When Not to Trust the Experts


By Twilight Patriot

Gain-of-function research should continue.  Such is the opinion of the Biden White House, as explained in this press conference at the end of February.  It is “important to help prevent future pandemics,” says communications man John Kirby.
Last fall, researchers in Boston went public about creating new variants of COVID-19, while in a recent letter, over 150 prominent virologists joined together to air their concerns that new regulations might “overly restrict the ability of scientists to generate the knowledge needed to protect ourselves from these pathogens.”
By now, most serious people are in agreement that the 2019 coronavirus originated in a laboratory in Wuhan.  Even federal agencies like the FBI are falling into line.  The evidence for what happened is overwhelming.
To begin with, the bats that host the virus’s nearest relatives don’t live near Wuhan itself, but 1,100 miles away, along the border between China and Laos, in just the place where the Wuhan researchers repeatedly went to collect wild bat viruses for their gain-of-function experiments.  Then include the fact that, shortly after the first outbreak, the Chinese authorities deleted their viral genome archives.  Why do that if you don’t have something to hide?  And we shouldn’t forget about China’s dismal lab safety protocols.  And so forth.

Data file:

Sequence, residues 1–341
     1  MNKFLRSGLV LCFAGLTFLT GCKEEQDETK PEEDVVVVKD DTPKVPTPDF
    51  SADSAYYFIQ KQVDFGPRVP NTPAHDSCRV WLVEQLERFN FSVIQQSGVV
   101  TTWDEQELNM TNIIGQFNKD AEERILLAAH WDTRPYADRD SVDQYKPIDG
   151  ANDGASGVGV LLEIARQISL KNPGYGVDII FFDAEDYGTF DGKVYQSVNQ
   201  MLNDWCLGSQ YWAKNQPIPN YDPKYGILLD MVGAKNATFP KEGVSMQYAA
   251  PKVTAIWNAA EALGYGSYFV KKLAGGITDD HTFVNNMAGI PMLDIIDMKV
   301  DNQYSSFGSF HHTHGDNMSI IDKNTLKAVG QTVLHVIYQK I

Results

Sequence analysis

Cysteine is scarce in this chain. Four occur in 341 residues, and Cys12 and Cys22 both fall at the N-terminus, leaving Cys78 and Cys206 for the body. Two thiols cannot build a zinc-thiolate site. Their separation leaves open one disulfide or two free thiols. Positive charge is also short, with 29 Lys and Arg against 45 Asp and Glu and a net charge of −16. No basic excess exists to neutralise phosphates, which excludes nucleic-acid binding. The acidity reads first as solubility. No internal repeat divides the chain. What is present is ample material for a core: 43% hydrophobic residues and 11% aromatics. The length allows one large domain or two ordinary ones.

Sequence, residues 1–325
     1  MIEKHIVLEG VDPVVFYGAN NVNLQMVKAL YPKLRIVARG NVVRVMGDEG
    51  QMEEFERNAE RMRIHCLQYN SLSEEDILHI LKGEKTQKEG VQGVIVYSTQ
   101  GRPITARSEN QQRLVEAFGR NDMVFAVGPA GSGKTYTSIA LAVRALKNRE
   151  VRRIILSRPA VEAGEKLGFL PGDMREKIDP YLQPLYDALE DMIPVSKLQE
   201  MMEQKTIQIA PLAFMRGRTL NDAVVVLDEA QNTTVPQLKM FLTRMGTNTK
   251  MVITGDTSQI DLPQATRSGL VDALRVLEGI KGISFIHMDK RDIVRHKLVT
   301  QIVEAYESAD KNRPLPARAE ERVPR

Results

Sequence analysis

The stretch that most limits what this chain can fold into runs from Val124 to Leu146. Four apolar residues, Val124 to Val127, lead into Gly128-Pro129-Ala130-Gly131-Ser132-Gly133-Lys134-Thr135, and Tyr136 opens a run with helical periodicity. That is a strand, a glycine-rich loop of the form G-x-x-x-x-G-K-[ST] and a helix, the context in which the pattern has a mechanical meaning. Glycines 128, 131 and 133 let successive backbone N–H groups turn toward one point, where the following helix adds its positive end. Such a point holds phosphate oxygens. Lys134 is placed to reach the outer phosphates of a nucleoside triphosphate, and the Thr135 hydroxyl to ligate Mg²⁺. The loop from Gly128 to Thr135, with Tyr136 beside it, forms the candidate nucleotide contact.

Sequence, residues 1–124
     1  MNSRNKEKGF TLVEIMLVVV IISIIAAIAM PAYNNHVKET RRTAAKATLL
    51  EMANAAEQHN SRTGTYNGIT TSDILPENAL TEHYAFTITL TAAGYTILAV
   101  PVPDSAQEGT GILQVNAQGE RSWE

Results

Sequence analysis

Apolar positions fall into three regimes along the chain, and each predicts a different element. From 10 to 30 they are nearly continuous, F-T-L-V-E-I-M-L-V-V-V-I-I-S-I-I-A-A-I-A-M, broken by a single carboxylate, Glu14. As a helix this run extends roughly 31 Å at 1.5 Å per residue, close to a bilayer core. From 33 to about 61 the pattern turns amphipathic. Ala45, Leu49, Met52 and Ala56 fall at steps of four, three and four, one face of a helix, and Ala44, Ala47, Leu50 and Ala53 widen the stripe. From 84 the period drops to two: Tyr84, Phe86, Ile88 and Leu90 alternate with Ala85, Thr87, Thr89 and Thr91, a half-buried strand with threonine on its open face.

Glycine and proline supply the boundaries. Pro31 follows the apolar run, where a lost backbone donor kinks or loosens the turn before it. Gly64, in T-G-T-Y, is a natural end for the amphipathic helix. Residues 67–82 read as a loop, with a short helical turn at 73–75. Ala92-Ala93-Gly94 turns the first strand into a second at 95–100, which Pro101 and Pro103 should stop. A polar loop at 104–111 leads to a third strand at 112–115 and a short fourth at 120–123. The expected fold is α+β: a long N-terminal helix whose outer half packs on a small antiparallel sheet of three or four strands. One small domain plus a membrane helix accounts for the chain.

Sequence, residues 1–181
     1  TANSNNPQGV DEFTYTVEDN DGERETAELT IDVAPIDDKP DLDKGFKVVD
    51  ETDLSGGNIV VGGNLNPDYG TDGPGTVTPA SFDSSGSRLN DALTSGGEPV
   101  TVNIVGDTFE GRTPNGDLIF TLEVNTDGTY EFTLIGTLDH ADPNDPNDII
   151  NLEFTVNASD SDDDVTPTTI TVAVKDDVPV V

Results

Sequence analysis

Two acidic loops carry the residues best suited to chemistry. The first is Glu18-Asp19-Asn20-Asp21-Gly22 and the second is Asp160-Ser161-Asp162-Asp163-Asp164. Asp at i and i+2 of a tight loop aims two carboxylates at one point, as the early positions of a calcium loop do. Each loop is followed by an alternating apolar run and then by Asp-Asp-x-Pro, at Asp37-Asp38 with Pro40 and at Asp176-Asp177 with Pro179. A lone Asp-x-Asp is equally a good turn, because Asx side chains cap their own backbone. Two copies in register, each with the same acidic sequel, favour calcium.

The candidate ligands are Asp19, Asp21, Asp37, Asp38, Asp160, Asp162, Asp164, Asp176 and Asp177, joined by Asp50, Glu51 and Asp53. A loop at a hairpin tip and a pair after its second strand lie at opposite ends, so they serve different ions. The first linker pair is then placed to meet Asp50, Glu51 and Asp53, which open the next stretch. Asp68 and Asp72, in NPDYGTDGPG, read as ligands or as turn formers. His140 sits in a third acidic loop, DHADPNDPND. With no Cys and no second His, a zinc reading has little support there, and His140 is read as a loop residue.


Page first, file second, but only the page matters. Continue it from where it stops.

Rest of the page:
For the first year after COVID appeared, mainstream outlets like CNN and Twitter censored these things for political reasons.  After President Trump left office, the taboo was relaxed, and now even mainstream opinion is coalescing around the lab leak theory.
China, obviously, doesn’t come away looking good, but the United States isn’t off the hook, either.  It was the U.S. government that funded this research, and the only reason that Chinese scientists were doing it in the first place was because so many American scientists — whom the Chinese see as their superiors — had devoted their careers to making gain-of-function research look necessary, important, and safe.